Of critical importance for purposes of the present appeals, the ACA guarantees reimbursement to insurers of the mandated cost-sharing reductions so that the mandate's burden falls on the federal government, not the insurers that otherwise would pay healthcare providers amounts not paid to them by enrollees when cost sharing is reduced: An issuer of a qualified health plan making reductions under this subsection

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shall notify the Secretary [of HHS] of such reductions and the Secretary shall make periodic and timely payments to the issuer equal to the value of the reductions.

Id., § 18071(c)(3)(A) (emphasis added). The ACA reinforces that payment commitment by providing for the government to make advance payments of amounts due. See id., § 18082(c)(3) (directing the Secretary of the Treasury, upon receiving notice from the Secretary of HHS "if an advance payment of the cost-sharing reductions ... is to be made to the [insurer]," to "make such advance payment at such time and in such amount as the Secretary [of HHS] specifies in the notice").

As confirmed by the regulations adopted by the Secretary of HHS, advance payments are merely provisional transfers, with the government's payment obligation ultimately fixed by looking back to what cost-sharing reductions a relevant insurer has actually provided to an eligible insured (with accompanying increased payments the insurer made to healthcare providers). See 45 C.F.R. § 156.430. Thus, "the regulations specify that such insurers `will receive periodic advance payments based on the advance payment amounts calculated in accordance' with a regulatory formula." Sanford, 139 Fed.Cl. at 703 (quoting 45 C.F.R. § 156.430(b)(1)); Montana, 139 Fed.Cl. at 215 (same). And "[t]he regulations further provide that HHS will reconcile the amounts paid in advance and the actual cost-sharing reductions made." Sanford, 139 Fed.Cl. at 703 n.2; Montana, 139 Fed.Cl. at 215 n.2 (same); see 45 C.F.R. § 156.430(d) (stating that "HHS will perform periodic reconciliations of any advance payments of cost-sharing reductions provided to" an insurer against "[t]he actual amount of cost-sharing reductions provided to enrollees and reimbursed to providers" by the insurer) (emphasis added); id., § 156.430(e) (providing that if "the actual amounts of cost-sharing reductions" described in (d) are "[l]ess than the amount of advance payments provided," the insurer "must repay the difference to HHS"; similarly, if advance payments were too low to reflect actual amounts under (d), "HHS will reimburse [the insurer] for the difference").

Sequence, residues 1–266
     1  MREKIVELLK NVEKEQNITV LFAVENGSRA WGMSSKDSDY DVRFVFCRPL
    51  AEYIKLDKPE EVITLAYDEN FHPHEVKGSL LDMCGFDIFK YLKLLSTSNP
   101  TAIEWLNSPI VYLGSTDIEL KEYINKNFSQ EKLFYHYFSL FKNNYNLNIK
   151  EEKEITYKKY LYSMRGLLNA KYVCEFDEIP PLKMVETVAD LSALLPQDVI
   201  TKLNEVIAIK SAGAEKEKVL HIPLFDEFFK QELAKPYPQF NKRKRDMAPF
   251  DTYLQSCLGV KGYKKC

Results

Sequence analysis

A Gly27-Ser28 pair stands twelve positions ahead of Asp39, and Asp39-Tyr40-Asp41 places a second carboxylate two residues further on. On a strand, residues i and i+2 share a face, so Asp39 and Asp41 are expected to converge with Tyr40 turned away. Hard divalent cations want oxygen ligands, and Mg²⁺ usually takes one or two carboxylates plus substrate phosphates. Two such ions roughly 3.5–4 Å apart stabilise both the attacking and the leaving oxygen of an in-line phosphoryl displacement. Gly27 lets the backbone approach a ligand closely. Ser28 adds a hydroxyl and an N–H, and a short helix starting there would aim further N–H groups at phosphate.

Despite the payment command regarding cost-sharing reduction...